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Interview with Stephen Denny

Learn more about Stephen Denny as a speaker and his unique experiences in this interview conducted by A-Speakers. Read on below.

1. What is the message you hope people will take away from your presentations?

What is the message that people take away from my presentations? That doing the impossible is possible after all.

Killing Giants was written for every business person who has to get up every morning and fight a giant. It seems to be an impossible task – but some people have discovered how to not only survive but thrive in these dangerous situations and come out on top. I had the chance to interview more than 80 of these “giant killers” – from Silicon Valley to the townships of South Africa and everywhere in between – as well as others from non-traditional backgrounds, from professional gamblers and Hollywood screenwriters to police hostage negotiators and professional athletes. Their stories are remarkable – they give us a wide variety of approaches to consider when doing battle against the giants we face in business and in life.

The lesson here is that brains and speed are often more important than big budgets. It’s a story many people see themselves in on a daily basis. It resonates with a wide variety of audiences. And it’s fun to tell.

2. What is the most unique experience you have had as a result of your job?

I’ve had CEO’s of major companies come up to me after keynote speeches quoting chapters of Killing Giants back to me as the rationale for making big financial decisions for their companies. I’ve had questions from the audience from musicians musing on how various themes in Killing Giants apply to jazz. I’ve even had high school football coaches write me telling how they use lessons in Killing Giants to motivate their teams!

I’m always amazed at how this archetypal story capturing the David-versus-Goliath struggle resonates with such a wide variety of people the world over.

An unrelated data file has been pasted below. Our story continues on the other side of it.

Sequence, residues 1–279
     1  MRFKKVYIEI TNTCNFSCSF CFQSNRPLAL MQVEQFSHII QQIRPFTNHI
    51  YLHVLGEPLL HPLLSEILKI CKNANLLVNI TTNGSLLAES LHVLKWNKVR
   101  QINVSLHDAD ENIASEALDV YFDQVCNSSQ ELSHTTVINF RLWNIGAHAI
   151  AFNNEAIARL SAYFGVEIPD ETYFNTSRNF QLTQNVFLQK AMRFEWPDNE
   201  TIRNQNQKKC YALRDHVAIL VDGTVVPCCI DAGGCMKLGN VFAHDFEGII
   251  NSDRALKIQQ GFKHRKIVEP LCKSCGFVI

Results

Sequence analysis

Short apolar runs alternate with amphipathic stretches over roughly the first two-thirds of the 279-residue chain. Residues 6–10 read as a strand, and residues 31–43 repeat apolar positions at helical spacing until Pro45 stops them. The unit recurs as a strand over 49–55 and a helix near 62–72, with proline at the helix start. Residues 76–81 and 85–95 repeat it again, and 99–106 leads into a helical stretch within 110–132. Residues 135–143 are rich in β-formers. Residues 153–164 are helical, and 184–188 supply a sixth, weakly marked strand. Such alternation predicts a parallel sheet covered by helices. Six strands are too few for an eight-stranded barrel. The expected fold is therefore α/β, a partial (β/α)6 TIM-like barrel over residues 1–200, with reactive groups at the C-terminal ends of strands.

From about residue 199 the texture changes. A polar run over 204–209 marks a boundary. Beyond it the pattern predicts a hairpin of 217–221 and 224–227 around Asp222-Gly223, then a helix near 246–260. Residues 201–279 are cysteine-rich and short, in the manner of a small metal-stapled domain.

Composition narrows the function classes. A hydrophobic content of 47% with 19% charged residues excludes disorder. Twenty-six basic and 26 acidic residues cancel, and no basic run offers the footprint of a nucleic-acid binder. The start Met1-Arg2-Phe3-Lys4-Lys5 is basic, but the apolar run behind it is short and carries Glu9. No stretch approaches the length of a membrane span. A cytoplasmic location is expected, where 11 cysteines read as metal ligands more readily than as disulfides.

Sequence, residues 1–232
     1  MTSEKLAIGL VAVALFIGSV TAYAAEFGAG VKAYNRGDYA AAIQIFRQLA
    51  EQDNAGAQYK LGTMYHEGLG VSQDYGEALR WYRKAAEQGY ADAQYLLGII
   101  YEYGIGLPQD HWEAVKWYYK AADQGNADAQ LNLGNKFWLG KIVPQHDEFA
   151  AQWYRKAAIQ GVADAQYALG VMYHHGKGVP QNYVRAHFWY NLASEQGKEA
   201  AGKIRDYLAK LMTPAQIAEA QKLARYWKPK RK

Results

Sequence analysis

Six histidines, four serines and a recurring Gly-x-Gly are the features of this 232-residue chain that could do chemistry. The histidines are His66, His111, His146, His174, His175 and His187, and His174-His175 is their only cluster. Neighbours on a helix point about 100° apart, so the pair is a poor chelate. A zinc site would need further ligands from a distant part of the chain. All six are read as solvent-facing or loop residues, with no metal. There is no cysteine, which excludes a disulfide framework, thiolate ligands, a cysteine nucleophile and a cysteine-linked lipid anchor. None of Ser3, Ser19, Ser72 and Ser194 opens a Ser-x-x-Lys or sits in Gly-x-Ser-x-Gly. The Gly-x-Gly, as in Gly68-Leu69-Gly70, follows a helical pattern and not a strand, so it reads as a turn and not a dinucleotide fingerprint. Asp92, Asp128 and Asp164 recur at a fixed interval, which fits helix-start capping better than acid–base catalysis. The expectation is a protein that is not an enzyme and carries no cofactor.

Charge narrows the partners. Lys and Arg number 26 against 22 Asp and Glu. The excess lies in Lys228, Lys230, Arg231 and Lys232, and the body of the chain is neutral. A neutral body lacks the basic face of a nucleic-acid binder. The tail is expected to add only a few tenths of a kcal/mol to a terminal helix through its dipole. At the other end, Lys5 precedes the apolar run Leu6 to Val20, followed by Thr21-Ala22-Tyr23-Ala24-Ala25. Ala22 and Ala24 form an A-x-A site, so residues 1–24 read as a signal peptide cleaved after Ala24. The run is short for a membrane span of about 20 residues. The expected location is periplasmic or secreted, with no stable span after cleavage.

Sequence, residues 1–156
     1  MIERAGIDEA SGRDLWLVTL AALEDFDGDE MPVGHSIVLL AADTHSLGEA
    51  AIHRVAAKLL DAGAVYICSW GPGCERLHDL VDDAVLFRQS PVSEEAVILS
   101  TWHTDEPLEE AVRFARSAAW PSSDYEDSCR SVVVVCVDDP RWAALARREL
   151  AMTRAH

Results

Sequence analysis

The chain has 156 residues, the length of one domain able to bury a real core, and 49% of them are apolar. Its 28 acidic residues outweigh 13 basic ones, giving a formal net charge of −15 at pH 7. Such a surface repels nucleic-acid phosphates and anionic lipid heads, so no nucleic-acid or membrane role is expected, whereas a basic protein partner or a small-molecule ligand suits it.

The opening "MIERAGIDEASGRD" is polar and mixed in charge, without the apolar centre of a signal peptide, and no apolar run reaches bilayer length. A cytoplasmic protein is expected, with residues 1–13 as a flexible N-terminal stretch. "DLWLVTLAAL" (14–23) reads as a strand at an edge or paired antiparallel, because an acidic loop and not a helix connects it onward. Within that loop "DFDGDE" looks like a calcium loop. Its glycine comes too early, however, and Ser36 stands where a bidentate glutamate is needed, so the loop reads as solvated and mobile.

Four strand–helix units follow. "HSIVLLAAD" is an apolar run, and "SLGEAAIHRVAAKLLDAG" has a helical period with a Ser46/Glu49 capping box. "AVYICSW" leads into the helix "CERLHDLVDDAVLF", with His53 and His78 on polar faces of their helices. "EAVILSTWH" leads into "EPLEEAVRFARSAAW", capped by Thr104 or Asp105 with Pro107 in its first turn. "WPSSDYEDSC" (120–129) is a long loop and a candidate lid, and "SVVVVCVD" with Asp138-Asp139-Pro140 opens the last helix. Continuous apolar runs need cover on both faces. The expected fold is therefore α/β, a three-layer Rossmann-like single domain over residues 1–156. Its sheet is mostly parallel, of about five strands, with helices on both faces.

3. Who or what inspires you the most?

The people I’ve met through the entire Killing Giants process, from my interviewees to the audiences I’ve spoken to, inspire me. Speaking to people who have done the impossible – and who still seem like ordinary people when you sit down to talk to them – make you feel like anything is possible and that big ideas aren’t beyond the reach of us mortals after all.

Listening to the after-keynote conversations with people who are still in the struggle every day and who are committed to completing their own personal “Hero’s Journey” themselves is inspiring.

We all want to know we’re not alone in this difficult task. We want to know that we’re doing it right, too. And when we can come together to share better ways of getting where we want to go – positively, generatively – this is very empowering and inspiring.

4. How important is cultural literacy for employees in international firms?

When you work for a truly international firm employing people from a wide variety of cultures, it’s difficult to expect everyone to be completely “culturally literate” across so many boundaries. The best lesson I can share is what I call, “staying low on the ladder of inference.”

So often, we’re fully focused on being understood – we’re focused on “re-loading our next declarative statement” – that we fail to pay attention to what is being communicated to us, verbally and non-verbally. Seeking to understand before demanding to be understood is a big step forward. We need to stop assuming that we know what the other person is trying to say and just observe them. We need to drop our defenses and just listen.

When you stay low, putting your ego and your own personal cultural toolset away for the moment, you’re more likely to connect with people of different backgrounds. This is how I’ve found that truly international and multicultural teams work best together.

5. How do you prepare yourself before giving a keynote speech?

Every keynote begins with interviews. I speak to the principal members of the team to fully understand the key challenges they face in the marketplace, the themes they’ve chosen for their meeting and the big cultural hot buttons I should be aware of. This necessary backdrop informs everything that comes next.

The case studies and vignettes are carefully chosen – sometimes requiring new interviews and research be completed – so that the stories deliver the message needed to resonate with the audience. Together, with the client, we shape the keynote.

Last, I rehearse. I’ve given this talk hundreds of times now, but I still go through the entire keynote at least six times, full length, out loud – usually 2 to 3 times the day of the talk, up in my hotel room! This way, I’m ready. I’ve done my homework, I know what I’m saying and how I’m saying it, and everyone has a great time – and importantly, they all leave the room with something very tangible they can put to work right then, immediately.

I take preparation very seriously because I take my clients very seriously. Their challenges are mission critical to them and the trust they put in me to help them solve these problems – even over the course of a one hour keynote – is too important to be left to chance. It all comes down to how well you prepare! The rest is easy.

Click here to see Stephen Denny’s profile 

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